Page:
DCSD trustees postpone vote on bathroom restrictions for trans kids
Last week, the Douglas County School District Board of Trustees considered restricting access to bathrooms, locker rooms, and sports teams for transgender students.
After three and a half hours of trustee discussion and public comment, the board decided to postpone voting on a policy that would have banned trans students from using bathrooms and locker rooms that match their gender identity if it is different from the sex they were assigned at birth. It would have also prevented them from playing on sports teams that align with their gender identity.
Board President Susan Jansen, on advice of board legal counsel, came to the conclusion that the policy under discussion was too broad to pass legal scrutiny, under state and federal law.
“I consider this to be unsettled law. So, let’s go back to the drawing table,” she said. “We’ll bring it back and make it a better, more workable policy that everyone will understand and there will be no ambiguity in that.”
Most of the trustees are hoping to create a policy that can pass a strict scrutiny test, a principle that holds any law that infringes on a constitutional right must achieve a compelling state interest, be narrowly-tailored, and use the least restrictive means to do so.
The board voted 6-1 to send the agenda item back. Only District 5’s Linda Gilkerson voted against the motion. She opposes the proposed policy.
ACLU of Nevada Executive Director Athar Haseebullah promised to sue DCSD on behalf of trans students if it passed this policy arguing that it would be illegal under the Nevada Constitution and federal law.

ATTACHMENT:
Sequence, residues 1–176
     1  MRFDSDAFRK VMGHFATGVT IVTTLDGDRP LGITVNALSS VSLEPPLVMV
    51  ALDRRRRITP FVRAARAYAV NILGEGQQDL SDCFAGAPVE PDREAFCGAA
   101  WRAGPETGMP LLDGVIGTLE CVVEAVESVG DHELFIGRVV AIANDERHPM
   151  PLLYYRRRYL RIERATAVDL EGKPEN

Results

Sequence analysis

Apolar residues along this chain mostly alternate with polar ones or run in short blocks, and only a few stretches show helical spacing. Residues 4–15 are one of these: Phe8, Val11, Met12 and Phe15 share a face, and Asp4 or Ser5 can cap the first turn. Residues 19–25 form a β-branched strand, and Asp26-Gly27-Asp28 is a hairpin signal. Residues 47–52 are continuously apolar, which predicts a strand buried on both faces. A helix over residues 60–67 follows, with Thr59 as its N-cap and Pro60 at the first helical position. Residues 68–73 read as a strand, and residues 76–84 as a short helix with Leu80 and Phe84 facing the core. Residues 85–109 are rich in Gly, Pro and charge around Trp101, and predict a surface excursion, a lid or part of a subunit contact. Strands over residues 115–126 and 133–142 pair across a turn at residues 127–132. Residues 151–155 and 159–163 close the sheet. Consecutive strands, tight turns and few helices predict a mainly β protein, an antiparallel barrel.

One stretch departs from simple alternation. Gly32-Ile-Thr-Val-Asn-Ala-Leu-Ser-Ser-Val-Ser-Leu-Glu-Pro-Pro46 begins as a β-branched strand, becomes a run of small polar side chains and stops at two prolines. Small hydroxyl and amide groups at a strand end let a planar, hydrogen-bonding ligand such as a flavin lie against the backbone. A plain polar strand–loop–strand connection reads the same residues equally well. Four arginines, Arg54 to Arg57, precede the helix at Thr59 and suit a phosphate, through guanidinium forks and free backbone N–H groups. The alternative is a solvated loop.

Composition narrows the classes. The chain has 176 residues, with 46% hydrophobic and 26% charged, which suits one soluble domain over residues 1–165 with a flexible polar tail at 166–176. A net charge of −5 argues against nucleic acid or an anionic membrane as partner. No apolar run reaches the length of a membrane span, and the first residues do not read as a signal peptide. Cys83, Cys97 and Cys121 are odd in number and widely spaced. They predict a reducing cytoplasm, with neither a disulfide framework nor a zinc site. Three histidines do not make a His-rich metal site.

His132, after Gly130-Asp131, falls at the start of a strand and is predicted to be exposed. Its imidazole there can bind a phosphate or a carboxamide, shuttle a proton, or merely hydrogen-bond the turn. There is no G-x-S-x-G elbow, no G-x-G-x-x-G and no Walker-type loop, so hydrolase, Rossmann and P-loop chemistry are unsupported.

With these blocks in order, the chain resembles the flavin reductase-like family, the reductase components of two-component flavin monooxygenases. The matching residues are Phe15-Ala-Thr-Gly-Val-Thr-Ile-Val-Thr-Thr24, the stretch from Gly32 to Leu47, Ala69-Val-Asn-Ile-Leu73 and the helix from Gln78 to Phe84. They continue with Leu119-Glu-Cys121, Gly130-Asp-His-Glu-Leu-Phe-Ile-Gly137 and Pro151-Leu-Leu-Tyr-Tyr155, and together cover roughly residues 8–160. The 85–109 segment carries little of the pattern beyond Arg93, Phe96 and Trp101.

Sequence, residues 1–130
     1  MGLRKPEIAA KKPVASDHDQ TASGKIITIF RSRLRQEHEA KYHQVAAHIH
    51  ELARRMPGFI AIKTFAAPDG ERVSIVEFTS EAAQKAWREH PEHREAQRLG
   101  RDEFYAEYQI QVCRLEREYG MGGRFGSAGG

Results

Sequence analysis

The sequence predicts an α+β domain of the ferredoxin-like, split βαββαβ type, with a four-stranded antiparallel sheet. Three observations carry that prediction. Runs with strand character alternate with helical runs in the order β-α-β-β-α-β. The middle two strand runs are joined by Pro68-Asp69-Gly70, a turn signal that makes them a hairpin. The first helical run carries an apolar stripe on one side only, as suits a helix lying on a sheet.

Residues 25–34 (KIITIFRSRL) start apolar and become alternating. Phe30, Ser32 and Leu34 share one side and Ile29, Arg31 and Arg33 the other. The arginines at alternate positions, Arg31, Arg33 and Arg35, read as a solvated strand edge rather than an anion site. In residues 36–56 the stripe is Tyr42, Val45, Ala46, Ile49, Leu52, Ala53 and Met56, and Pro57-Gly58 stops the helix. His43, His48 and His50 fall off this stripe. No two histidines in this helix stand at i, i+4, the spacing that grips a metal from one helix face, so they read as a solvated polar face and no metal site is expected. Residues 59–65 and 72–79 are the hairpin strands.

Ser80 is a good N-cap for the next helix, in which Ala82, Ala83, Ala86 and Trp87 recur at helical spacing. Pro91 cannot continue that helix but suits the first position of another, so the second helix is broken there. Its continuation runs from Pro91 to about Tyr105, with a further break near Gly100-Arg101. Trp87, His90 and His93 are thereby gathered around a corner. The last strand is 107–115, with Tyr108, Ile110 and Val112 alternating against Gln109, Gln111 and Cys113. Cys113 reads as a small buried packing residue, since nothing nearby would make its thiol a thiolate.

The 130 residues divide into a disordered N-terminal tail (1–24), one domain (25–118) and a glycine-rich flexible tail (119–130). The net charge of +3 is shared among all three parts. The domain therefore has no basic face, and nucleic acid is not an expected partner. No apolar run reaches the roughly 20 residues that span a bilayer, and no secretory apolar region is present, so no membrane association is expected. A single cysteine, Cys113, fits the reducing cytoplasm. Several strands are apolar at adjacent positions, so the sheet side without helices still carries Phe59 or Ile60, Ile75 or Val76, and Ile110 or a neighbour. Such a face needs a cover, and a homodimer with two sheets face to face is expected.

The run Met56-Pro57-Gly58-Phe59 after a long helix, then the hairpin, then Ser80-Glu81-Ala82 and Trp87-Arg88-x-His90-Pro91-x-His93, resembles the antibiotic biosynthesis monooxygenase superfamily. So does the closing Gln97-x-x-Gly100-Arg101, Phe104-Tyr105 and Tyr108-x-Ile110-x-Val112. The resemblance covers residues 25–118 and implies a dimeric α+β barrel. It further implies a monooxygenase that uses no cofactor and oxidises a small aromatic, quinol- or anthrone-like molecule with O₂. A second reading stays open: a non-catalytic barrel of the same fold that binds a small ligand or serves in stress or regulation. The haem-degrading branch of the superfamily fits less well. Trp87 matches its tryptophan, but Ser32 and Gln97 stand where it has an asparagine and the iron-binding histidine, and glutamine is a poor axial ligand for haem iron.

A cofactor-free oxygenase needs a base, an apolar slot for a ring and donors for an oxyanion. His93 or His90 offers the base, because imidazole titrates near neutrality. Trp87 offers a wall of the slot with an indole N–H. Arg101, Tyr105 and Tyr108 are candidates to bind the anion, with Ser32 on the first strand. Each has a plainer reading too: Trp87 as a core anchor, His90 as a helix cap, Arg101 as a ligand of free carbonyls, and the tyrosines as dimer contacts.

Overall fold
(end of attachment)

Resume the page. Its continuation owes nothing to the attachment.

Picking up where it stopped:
“We’re prepared to defend their liberties and their rights because we recognize that their school board, at this point, doesn’t have their best interests at hand and every student in Nevada should be entitled to a safe and respectful learning environment,” he said.
At the meeting, public commenters mostly agreed with the policy, citing concerns over perceived advantages trans women athletes have over cis women athletes and bathroom safety for cis women.
Those perceived advantages vary widely on a case-by-case basis, and in lieu of specific data, blanket bans on trans athlete participation won’t necessarily even a playing field that already tilts towards athletes of higher socioeconomic status.
As for bathroom safety, a policy restricting access is much more likely to increase attacks on trans students than it is to prevent them against cis ones. There have been no reported incidents of DCSD trans students attacking cisgender peers.
Those voicing their opposition noted the othering effects the policy could have on the mental health of trans students and said bullying against trans students would rise.
Jose Davila IV is a corps member for Report for America, an initiative of the GroundTruth Project.